- Counter Hypnosis Bat-Pellets (to counteract the effects of hypnosis)
And many, many more — click here if you'd like a full list.
Batman and Batman: The Movie have a lasting legacy, with the show being loved to this day. Adam West and Burt Ward were typecast following the series and even now find it impossible to escape from the shadow of the dynamic duo. Adam West has taken this brilliantly and is never afraid to make fun of himself. From his appearances in Johnny Bravo and The Fairly Odd Parents, to his role as the Mayor of Quahog in Family Guy, he always embraces his role as Batman. He recently appeared in the 200th episode of The Big Bang Theory and during this appearance the characters argued about which Batman was best:
The final bonus level of Lego Batman 3: Beyond Gotham was based on the 1966 incarnation of Batman and featured Adam West and Burt Ward voicing Batman and Robin once more. The credit sequence of the game features a recreation of the recurring Batclimb sequences, which often featured cameos from stars who were visiting Gotham City.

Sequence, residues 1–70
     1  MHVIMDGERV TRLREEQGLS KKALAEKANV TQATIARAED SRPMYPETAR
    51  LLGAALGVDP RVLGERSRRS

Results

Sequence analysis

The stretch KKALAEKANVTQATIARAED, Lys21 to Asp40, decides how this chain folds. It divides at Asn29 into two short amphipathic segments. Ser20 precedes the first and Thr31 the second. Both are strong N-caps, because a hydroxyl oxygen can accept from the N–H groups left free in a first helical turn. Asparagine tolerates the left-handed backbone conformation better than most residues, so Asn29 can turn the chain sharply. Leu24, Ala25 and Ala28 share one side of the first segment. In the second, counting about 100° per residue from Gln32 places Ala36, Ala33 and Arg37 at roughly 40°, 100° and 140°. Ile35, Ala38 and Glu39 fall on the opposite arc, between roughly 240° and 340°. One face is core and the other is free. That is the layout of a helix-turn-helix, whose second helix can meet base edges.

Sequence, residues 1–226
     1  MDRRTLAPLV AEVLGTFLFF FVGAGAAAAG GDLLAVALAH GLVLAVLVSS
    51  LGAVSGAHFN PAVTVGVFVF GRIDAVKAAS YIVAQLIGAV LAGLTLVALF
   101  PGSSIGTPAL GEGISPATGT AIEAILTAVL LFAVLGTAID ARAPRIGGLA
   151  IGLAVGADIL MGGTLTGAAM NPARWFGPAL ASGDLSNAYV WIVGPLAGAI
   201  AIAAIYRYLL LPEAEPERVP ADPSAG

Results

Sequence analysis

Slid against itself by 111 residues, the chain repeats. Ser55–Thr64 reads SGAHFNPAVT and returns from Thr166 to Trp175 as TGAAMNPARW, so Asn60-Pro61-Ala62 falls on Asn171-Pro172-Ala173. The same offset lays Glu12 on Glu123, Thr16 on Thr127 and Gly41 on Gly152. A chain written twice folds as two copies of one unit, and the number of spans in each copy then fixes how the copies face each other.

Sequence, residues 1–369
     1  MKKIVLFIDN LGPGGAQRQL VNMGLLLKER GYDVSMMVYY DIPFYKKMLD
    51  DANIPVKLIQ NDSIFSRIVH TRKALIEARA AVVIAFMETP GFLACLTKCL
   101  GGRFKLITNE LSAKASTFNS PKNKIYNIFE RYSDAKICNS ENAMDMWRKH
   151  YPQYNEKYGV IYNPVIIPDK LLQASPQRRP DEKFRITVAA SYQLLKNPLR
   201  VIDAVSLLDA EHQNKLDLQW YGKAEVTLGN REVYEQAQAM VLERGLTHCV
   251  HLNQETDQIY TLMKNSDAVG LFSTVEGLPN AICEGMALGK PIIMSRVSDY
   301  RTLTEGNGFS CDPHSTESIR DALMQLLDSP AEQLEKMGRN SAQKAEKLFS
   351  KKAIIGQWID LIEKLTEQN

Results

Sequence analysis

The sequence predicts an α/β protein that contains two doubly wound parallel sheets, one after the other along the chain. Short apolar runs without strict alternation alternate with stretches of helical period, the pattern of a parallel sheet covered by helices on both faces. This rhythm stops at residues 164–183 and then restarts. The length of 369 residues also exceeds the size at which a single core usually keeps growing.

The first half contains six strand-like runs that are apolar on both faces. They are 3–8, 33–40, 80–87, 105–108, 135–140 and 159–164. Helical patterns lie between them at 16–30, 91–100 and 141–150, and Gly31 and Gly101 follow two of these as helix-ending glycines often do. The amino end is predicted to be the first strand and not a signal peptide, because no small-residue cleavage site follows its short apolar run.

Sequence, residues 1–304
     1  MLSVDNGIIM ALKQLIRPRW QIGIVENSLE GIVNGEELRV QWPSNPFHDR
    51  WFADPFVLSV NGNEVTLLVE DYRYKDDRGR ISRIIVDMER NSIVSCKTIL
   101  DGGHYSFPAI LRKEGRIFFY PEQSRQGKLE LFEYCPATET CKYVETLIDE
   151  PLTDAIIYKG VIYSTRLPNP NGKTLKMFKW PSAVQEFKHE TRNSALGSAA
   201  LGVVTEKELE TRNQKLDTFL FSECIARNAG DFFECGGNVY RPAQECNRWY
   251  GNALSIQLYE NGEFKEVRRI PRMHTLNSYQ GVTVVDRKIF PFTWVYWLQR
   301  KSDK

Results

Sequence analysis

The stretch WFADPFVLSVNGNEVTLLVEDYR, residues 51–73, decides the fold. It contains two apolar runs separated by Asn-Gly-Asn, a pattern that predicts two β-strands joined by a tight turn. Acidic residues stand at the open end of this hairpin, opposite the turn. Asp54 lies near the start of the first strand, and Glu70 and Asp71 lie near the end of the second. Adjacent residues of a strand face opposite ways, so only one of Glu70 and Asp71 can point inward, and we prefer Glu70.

Later Batman films have also been influenced by Batman '66, but not necessarily in the way you would expect. Speaking on Channel 4's Britain's Favorite Superhero, Michael Uslan, producer of the Tim Burton Batman film, said that it was because Batman '66 made fun of Batman that he felt compelled to show the REAL Batman on screen. It could be argued that it is thanks to Tim Burton's film that we have the Dark Knight Trilogy, so it is thanks to the more comedic depiction of that character that we now have the true Batman on screen. Batman Forever even referenced Batman '66 by parodying Robin's catchphrase "Holy [something], Batman!" Robin would often say this after being startled by something, a full list of Season 1's Holy's can be found here.
It might be radically different to any other Batman show, but it is certainly a show that will be fondly remembered. From making Adam West a star to introducing a whole generation to the dynamic duo, we certainly have a lot to thank Batman '66 for. Holy half-century, Batman!